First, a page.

Thank you to ScrapDolly, Natalie, Debbie, Sally, Jenni Bowlin Studio and The Making Spot for blogging their own girl power today. And more blog posts from Kat, PaperCraft Inspirations, Vicky, May, Lisa, Abbey, Dina, Ali, Mel, Rhonna and Danielle. And many thanks to those who have tweeted, pinned, emailed and shared links with your Facebook friends. Every bit of help is so very much appreciated! Thank you.
Look here to see the end result of our day of girl power!

31 May 2011

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38 Comments for Five ideas for scrapbooking with girl power

  1. Sue Bone Says:

    I sponsor a girl and a boy through Plan UK. They are the same age as my children to put it in perspective for myself. You have reminded me that I need to contcat plan to see if there’s any way I can help the boy with further educationas he aproaches 16.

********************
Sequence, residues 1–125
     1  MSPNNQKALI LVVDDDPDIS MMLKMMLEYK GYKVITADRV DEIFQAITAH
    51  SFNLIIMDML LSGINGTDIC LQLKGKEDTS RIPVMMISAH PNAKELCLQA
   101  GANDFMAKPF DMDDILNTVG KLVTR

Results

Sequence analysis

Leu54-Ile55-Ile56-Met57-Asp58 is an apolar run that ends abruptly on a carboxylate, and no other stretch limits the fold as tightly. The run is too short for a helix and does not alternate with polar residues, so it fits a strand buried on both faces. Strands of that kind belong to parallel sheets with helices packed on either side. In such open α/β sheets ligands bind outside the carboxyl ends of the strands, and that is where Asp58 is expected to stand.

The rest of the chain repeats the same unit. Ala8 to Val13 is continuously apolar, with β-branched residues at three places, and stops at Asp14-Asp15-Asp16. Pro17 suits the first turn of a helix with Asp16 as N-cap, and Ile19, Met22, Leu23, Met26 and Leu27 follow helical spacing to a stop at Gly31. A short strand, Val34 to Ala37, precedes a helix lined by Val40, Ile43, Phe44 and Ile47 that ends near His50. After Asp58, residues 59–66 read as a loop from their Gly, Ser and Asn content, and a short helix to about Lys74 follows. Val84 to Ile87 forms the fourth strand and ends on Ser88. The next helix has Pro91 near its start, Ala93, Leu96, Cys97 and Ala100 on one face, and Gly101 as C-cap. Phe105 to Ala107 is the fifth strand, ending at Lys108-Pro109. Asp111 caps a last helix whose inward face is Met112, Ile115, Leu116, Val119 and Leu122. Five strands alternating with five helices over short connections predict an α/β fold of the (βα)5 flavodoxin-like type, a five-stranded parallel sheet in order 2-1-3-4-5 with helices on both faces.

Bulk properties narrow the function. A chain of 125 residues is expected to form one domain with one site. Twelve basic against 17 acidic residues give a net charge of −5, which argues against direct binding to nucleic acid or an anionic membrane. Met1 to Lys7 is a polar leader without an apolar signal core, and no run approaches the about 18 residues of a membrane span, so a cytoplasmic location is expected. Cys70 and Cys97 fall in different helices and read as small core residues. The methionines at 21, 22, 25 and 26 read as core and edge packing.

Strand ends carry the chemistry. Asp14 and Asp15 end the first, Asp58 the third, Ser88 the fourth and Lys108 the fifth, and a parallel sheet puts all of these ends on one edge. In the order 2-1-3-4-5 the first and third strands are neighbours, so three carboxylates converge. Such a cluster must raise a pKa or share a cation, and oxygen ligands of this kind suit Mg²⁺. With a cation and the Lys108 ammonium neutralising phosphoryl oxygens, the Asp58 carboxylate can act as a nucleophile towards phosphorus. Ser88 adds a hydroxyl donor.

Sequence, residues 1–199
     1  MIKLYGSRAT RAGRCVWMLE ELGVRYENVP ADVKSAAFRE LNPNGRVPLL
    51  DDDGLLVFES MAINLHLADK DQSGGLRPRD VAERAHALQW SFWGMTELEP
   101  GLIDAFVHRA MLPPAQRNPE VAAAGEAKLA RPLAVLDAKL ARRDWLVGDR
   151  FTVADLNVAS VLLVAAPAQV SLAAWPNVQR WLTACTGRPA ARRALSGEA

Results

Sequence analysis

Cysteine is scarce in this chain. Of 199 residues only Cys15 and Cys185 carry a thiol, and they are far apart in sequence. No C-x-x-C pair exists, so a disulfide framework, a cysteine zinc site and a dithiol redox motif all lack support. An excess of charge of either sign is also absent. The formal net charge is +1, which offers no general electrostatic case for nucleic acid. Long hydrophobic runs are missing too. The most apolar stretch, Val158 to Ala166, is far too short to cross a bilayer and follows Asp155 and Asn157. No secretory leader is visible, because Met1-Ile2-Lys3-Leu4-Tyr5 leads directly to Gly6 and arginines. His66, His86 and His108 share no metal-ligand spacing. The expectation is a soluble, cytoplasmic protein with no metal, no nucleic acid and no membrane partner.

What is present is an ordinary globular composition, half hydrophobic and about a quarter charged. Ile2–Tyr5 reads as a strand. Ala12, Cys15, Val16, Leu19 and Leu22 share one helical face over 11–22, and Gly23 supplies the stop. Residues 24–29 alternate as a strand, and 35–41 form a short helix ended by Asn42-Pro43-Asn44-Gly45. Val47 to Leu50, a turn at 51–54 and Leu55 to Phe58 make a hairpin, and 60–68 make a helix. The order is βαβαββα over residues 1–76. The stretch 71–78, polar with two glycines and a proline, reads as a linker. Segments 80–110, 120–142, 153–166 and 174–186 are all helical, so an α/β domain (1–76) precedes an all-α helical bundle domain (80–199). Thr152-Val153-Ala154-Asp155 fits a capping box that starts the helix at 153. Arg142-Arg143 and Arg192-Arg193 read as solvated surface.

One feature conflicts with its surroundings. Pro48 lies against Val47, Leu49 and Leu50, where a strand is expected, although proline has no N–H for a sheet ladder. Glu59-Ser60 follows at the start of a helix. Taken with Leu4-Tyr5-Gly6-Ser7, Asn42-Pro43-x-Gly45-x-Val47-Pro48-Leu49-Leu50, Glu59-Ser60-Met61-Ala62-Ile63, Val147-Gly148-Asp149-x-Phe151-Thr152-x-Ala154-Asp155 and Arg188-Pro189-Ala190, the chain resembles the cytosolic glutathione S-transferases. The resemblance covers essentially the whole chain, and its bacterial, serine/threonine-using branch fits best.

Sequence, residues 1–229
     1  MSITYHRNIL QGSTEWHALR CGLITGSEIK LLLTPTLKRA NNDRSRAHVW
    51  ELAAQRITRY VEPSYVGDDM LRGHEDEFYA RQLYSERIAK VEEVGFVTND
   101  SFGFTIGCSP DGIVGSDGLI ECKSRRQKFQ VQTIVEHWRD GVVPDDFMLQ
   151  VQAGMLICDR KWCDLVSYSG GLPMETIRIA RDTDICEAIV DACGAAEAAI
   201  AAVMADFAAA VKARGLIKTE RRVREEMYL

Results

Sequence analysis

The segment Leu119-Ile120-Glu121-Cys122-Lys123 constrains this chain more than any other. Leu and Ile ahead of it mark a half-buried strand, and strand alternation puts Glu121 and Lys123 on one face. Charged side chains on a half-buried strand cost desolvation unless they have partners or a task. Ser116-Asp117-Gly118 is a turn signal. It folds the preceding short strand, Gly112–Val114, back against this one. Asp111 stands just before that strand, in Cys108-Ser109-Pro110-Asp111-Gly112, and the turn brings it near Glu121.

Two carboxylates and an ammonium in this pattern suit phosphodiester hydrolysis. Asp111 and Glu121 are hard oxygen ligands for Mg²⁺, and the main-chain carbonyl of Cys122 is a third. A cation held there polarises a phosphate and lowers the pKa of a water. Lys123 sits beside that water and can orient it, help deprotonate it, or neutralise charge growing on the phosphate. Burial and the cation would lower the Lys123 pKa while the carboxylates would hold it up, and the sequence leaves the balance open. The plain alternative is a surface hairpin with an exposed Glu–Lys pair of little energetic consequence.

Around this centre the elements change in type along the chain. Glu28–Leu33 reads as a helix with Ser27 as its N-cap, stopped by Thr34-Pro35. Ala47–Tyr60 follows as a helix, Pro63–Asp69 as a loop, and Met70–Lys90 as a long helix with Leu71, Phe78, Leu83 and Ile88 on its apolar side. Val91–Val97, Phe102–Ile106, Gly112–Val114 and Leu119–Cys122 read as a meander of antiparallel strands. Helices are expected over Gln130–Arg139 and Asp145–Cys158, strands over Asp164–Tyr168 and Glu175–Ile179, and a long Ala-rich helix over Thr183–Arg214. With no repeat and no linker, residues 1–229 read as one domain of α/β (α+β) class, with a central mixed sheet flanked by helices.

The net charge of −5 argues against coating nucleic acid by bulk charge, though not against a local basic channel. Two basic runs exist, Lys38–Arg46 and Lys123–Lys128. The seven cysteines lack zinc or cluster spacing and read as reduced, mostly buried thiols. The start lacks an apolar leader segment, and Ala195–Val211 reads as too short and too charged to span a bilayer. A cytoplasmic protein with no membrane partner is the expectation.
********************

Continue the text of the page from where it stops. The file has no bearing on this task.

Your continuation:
2. Jennie Says:

    A great post Shimelle, I will go and check out the campaign and see how I can get involved. I will also go and see if there is a class I can take, especially as I so enjoyed JYC & BBFS. Your layouts are superb as usual, and it has been the first thing I have pinned to my Pinterest scrapbooking board as I have just joined there.

  3. becca Says:

    What a great idea and such a kind gesture! I shall be looking at the classes today! :-)

  4. helena c Says:

    go girl for doing this post – travelling overseas I’m always aware of the different education opportunities – I have bought a school related gift from Oxfam’s give a goat for the last 4 christmasses

  5. Scrapdolly Says:

    I have blogged about this. Thank you for such inspiration and doing something to help others. x

  6. Debbie Says:

    A super idea Shimelle, I’ve signed for a class and blogged about this today. Loving your layouts too :) x

  7. Shelley W Says:

    Fab idea! :) I’ve signed up for a class :) Thanks Shimelle. x

  8. Alison Says:

    Great idea Shimelle…have signed up for LSNED and hope to get a LO and blogpost done
    Alison xx